Evidence and facts are essential for any conversation between Coach and Coachee – guesses and hypotheticals can only make things worse.

It is critical that one focuses on just a few tasks at a time and they mutually arrive at timelines for implementation and assessment. If a huge number of changes are to be implemented at one go nothing would get done. It just can’t be rushed.

If the issue is emotional and attitudinal it is important for the Manager to remind the team-member of the key tasks that are to be completed – the idea is to get them focused on things that matter; express in clear terms the need for performance and limit reviews to just discussing data and facts. If some support is needed to overcome worries and stress the Manager can co-opt a support team into action to help the person tide over the issue or even get an intermediary to work on this; however things rarely deteriorate to the level of needing a mediator for resolutions.

Always use performance and results as the guiding principle and support and guidance the enablers. Of course, there is need for setting aside bias or notions and recognise achievements – celebrate victories, big and small and build confidence in the team – member.

Strictures and punishment should be the last resort – give the person opportunities to perform and during the assessment period the Manager needs to be present as a supportive and positive influence.

Managers need to use the benefits of feedback and coaching to bring the best out of the team … you need to see performers all around!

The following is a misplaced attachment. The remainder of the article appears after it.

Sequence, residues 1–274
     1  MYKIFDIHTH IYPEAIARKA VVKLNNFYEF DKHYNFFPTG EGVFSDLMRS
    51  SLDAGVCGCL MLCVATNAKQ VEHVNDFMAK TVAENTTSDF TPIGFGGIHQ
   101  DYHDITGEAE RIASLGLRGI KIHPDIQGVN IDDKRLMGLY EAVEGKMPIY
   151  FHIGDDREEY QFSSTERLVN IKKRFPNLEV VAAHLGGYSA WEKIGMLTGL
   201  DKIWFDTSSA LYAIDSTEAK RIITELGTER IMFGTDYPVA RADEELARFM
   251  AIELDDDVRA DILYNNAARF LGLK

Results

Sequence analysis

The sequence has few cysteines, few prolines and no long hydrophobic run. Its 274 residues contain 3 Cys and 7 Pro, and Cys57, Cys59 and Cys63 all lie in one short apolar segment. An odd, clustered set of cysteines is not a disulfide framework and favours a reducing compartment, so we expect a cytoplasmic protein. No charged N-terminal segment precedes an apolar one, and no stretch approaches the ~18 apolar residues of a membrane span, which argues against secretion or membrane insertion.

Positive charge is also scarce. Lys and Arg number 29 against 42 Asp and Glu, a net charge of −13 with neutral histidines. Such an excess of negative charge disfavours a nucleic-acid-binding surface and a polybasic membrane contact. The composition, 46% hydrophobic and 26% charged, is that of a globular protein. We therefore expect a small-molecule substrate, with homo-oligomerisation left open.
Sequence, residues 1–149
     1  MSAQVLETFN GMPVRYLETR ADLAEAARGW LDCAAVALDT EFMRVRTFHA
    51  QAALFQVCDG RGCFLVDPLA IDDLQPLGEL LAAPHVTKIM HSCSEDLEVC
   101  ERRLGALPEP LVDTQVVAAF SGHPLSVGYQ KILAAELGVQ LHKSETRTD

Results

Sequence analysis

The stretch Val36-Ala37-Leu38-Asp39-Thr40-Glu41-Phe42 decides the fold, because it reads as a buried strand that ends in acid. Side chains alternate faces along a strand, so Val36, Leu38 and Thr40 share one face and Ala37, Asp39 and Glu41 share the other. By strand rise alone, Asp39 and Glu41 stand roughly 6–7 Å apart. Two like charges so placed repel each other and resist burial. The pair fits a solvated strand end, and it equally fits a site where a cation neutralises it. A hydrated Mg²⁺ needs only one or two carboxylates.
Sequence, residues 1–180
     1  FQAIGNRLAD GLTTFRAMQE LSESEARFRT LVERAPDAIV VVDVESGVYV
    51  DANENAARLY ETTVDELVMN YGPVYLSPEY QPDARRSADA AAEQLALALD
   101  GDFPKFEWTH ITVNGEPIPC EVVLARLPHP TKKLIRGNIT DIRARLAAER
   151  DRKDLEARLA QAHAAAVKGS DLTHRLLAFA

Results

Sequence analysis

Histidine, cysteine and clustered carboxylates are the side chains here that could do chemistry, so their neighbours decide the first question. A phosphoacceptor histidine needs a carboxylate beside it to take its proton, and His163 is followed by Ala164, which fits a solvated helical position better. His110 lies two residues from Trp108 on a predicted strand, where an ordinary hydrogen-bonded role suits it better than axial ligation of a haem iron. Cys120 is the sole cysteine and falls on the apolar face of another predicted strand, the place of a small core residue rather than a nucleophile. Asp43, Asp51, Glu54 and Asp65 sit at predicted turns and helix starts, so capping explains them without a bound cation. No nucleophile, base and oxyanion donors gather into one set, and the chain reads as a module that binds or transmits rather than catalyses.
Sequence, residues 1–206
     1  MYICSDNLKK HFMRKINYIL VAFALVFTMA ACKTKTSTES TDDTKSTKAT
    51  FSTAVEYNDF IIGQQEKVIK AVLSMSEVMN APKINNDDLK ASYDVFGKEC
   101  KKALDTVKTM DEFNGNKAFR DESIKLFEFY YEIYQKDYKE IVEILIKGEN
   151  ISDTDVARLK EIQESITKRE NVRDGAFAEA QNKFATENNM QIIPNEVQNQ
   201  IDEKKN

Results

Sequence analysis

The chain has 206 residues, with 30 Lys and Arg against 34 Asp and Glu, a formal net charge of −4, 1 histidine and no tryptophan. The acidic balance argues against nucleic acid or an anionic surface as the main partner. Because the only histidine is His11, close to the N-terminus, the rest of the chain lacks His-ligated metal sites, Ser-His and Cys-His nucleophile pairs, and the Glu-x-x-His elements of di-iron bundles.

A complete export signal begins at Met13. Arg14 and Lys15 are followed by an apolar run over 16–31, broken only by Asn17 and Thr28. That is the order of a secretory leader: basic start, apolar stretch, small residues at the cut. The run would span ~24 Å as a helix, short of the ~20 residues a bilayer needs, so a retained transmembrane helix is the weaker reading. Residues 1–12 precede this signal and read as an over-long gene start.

1. Raaj
    May 24, 2012 at 5:31 am

    Good one Jayan…

    I have not been reading all your recent posts, so I am not sure if you have already written about what I am about to say.. but consider this my 2 cents…

    Yes, feedback is super important… but only if the Coach/Manager is mature enough to deal with it rationally. In most cases though, feedback leads to bruised egos, and a lot of bad blood… for the simple reason that people managers – cannot/will not/are not trained to – handle feedback unless it is to the tune of “what a great boss you are!” (suck up).

    Just because you are a good sales person will not make you a good people manager (coach)… the dynamics of both the roles are entirely different. Yes, to be a good sales manager you have to have a good understanding of the fundamentals of sales. That’s it, sound knowledge of the fundamentals is a prerequisite but more important is the knowledge, skills and ability to inspire each of your team members to deliver at their highest potential day in and day out. Especially when things are not going the way they should be. When sales are at 25% of target and its the 25th of the month!

    And there is no fixed formula as to what works towards achieving those goals… each individual sales person (or any ‘other’ person for that matter) have their own triggers, their own reason that would either help make the target or break the individual… its for the coach to understand the oddities of each individual and then take it upon themselves to work with the individual to help them achieve their goals.